• Ian Davis

    Holy S#$@!! Stunning, What was your set up? Super clarity and detail…very impressive.

  • Thank you… regarding missing the very important leaves… that’s a disqus issue… the truncated the image, so you have to click the image or click “see more” Saludos from Chile… JB

  • Ian Davis

    You’re welcome from Canada. My son spent nearly a year living in the Santiago area as an exchange student. Sadly, his Spanish language skills are greatly diminished.

    That’s quite a bit of impressive gear you have. I notice that the lens is for an APC-S sensor.

  • james pullinger

    Hi, as a budding wildlife photographer, I was wondering if anyone has any tips for a 14 year old using a canon eos 1100d?

  • What year was your son here? I’ve lived here since 2009. I have been shooting with Fuji since the beginning of 2015… first with the X-T1 and now, its predecessor, the X-T2.

    Here is a gear shot… I’ve got a prime 23mm f/1.4, a general purpose XF18-135mm f/3.5-5.6, and the one that I shoot floral photography amongst other things and, at about 1 kilo in weight, I call it the “beast”… a 50-140mm f/2.8 in which I usually use with 1.4X teleconverter. (see )

    The XT series is well thought-out, with a retro layout with the most controls on top… (see )

    If you are on Flickr, hook up with me there…

    What do you shoot with?


  • I found a better shot of the lens…

  • Ian Davis

    He was there in 2007/2008.

  • Ah, so he was here while I was busy staking out the joint! Cool!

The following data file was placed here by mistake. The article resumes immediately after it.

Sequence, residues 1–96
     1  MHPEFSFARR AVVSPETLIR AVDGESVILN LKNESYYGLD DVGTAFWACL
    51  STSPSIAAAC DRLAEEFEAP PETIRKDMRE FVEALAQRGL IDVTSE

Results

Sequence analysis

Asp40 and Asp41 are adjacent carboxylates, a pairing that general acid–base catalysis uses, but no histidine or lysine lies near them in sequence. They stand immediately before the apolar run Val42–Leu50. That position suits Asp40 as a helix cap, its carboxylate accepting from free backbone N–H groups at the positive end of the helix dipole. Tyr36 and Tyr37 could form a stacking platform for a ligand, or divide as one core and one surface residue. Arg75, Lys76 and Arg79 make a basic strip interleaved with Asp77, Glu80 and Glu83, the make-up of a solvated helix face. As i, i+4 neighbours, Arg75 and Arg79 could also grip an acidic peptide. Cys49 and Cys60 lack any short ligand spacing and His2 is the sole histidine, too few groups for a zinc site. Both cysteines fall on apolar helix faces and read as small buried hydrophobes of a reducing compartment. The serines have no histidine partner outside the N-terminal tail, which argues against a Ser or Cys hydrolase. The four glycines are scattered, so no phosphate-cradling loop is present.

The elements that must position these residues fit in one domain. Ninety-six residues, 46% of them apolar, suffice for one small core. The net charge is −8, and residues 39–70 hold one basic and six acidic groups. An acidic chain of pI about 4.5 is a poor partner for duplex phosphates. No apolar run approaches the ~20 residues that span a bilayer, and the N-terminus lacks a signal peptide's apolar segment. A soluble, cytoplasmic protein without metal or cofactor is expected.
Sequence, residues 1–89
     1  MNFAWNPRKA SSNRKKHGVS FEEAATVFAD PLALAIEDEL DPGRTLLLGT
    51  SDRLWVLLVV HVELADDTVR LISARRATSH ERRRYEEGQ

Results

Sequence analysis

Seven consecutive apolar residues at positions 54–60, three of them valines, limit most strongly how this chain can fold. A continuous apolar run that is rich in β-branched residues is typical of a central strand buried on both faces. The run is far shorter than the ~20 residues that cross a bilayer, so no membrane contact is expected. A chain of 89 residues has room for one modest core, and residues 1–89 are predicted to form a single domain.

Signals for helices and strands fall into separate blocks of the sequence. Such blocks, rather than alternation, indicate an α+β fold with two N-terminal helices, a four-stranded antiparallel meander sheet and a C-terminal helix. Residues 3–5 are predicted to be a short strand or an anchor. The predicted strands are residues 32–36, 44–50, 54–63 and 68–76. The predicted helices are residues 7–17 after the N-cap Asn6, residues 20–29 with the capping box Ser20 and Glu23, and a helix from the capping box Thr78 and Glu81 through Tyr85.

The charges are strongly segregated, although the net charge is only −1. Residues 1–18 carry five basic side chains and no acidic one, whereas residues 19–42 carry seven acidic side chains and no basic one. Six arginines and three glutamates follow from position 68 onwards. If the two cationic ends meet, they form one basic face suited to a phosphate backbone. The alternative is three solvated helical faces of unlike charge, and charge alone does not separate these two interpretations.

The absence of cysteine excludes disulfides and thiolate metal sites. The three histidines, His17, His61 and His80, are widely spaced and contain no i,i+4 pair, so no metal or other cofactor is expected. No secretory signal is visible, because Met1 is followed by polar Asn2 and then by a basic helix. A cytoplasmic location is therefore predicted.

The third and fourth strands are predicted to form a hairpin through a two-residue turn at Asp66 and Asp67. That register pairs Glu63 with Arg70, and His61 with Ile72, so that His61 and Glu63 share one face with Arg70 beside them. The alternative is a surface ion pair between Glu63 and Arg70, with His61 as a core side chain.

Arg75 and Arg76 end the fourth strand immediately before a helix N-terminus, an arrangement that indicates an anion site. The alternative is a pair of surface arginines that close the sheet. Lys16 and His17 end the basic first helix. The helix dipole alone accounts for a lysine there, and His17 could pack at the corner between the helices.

• Luc Waumans

    Great tips. Now you can show how beautiful flowers are in your photos. Thanks

  • Wildijck

    Hi Glen,
    I find it very difficult to get a nice picture of bright red and yellow flowers. The colour seems to ‘float’ and sometimes the stamen even disappears by this. How can I overcome this problem?

  • Chuang Lim

    The photos were shot without flash at a flower show held indoors. I shot with Fujifilm X-T2 at 840mm (400mm + 1.4x teleconverter x 1.5x crop factor). I looked for a slightly dark background and used exposure compensation to make it pure black. There happened to be some side lighting which was a bonus.

  • Leyden

    I appreciate that the ‘wild life’ didn’t result in the first one being trashed. Great shot!

  • Glenn Harper

    Hi Ian. Thanks for your comment. I used a Tamron 90mm lens most of the time, from the early manual version to later AF versions. I swapped that for a 100mm Canon macro for a while, which was superior in some respects, but optically I always felt the Tamron had a very slight edge – not only bitingly sharp but also a tad more pleasing in its rendition of defocused areas (aka “bokeh”). That point is open to debate, but it was cheaper, too. A lot of my other lenses were ‘L’ series Canon lenses, though I never owned a great many at any one time. Certainly it’s true that any serious photographer intending to sell work will always invest in optical quality, if for no other reason than they can’t afford to put themselves at an immediate disadvantage – technical quality has to be there.